Spinal fusion is a surgical procedure that aims to stabilize and immobilize the spine by fusing two or more vertebrae together. It is frequently used to treat a number of spinal issues, such as spinal stenosis, degenerative disc disease, and fractures. In order to encourage bone growth and achieve a strong fusion, bone grafts or implants are put between the afflicted vertebrae during the treatment. This limits motion in the injured area, alleviating pain and averting additional harm.
A laminectomy is a surgical procedure that involves the removal of a portion of the lamina, a bony plate at the back of a vertebra, to relieve pressure on the spinal cord or nerves. Herniated discs, spinal tumors, and spinal stenosis are among the disorders that are frequently treated with this decompressive surgery. The strain on the compressed nerves is lessened by widening the spinal canal, which reduces discomfort, weakness, and numbness.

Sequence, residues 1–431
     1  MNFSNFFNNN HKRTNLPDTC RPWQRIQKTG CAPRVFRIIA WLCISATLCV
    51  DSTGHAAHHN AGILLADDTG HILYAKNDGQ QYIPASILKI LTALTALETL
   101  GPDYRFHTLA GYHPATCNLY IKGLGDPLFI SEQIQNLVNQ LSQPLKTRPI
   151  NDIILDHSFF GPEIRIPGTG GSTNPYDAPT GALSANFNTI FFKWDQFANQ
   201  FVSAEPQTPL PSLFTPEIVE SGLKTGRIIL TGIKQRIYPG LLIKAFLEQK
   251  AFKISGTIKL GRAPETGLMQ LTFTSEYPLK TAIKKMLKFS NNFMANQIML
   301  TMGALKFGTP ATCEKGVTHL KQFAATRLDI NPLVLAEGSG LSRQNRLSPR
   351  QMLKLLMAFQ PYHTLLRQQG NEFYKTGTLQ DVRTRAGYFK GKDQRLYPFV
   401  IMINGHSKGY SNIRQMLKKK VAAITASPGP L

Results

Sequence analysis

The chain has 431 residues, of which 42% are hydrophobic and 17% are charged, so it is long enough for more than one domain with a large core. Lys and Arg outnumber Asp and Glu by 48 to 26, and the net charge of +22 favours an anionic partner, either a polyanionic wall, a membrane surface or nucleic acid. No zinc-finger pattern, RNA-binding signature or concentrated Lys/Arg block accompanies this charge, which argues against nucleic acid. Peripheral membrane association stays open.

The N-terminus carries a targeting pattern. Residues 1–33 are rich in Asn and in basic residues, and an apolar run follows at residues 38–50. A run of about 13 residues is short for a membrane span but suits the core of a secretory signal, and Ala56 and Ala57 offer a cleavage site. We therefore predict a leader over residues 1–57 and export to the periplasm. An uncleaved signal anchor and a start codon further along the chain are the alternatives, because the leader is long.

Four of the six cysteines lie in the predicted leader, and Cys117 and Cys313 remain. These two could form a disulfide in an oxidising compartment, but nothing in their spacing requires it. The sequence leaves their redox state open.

A discectomy is a surgical procedure performed to remove part or all of a damaged or herniated disc in the spine. The intervertebral discs serve as cushions between the vertebrae and can press on the spinal nerves, resulting in pain and other neurological symptoms when they are ruptured or injured. During a discectomy, the doctor makes a small incision to reach the disc and remove the problematic portion, which relieves pressure on the nerves and lessens symptoms. When compared to conventional open operations, minimally invasive techniques frequently used result in a quicker recovery and reduced post-operative pain.